Business Card Etiquette – How To Use and Present Your Business Card Professionally

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Business card with smiley face on itYour business cards can say a lot about you and your business. However, so can the way you present them. Believe it or not, there is actually a business card etiquette, which many, perhaps most, people do not know or understand.

It’s something that I too was unaware of until relatively recently. However, after doing some research on the subject, I learned a number of ways in which we can earn the other person’s respect and create a much better first impression, in the way we hand over our business cards and receive other people’s cards.

So, I’d like to share with you 3 rules of etiquette in relation to your business cards:

1) Be Respectful Of Others’ Culture And/Or Position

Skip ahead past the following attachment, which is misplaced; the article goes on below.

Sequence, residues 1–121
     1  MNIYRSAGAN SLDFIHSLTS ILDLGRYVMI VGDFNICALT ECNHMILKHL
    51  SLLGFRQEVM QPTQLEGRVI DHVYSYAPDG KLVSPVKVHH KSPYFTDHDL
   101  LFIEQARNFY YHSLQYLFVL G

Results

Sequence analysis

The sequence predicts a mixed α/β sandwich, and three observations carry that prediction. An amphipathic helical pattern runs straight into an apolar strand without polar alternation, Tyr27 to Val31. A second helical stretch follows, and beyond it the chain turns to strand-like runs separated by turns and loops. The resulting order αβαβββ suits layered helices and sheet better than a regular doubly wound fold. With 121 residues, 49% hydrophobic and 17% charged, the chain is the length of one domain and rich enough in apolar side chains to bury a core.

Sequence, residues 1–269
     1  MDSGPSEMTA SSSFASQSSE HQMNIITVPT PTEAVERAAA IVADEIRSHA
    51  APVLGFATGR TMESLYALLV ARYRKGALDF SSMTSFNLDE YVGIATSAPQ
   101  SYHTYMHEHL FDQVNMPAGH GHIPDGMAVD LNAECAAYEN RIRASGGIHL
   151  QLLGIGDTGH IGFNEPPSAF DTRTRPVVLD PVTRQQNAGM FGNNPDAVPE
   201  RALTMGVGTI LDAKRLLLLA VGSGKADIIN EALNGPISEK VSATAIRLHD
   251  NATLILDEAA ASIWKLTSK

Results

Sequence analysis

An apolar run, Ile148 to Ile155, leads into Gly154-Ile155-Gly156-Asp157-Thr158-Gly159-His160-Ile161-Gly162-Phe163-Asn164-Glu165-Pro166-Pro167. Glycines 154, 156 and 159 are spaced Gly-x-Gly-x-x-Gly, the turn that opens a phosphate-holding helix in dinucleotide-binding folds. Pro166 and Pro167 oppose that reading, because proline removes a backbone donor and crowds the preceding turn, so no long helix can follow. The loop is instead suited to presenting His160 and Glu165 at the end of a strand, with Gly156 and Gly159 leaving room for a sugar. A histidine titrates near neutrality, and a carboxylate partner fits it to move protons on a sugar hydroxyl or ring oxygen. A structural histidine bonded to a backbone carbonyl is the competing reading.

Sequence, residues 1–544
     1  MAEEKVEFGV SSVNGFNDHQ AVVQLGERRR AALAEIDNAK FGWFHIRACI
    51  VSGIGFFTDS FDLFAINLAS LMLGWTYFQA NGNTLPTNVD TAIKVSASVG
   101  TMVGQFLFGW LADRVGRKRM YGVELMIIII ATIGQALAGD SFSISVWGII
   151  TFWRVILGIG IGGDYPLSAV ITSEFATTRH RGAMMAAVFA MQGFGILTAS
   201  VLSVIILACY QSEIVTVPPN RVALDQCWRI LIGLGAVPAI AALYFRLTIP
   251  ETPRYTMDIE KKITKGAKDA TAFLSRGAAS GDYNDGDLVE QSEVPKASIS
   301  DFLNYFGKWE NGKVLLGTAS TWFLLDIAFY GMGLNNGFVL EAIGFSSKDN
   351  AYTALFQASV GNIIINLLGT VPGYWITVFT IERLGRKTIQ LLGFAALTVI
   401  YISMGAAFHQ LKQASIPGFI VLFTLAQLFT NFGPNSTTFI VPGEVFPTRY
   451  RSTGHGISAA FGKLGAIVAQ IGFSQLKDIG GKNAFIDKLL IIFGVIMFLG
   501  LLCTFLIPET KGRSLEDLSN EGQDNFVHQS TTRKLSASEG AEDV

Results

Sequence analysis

When someone offers you their business card, it’s important that you keep in mind their professional position and culture. Showing respect for a person’s position and/or culture will make you more attractive to them, they’ll be more likely to want to do business with you. Whereas, if you show disrespect for them – whether knowingly or unknowingly – you’ll create the wrong first impression and lose them before you even start.

Oriental businessman give business card with both hand

In Far Eastern Cultures, Business Cards Are Given and Received With Both Hands.

Here are a few examples of what I mean: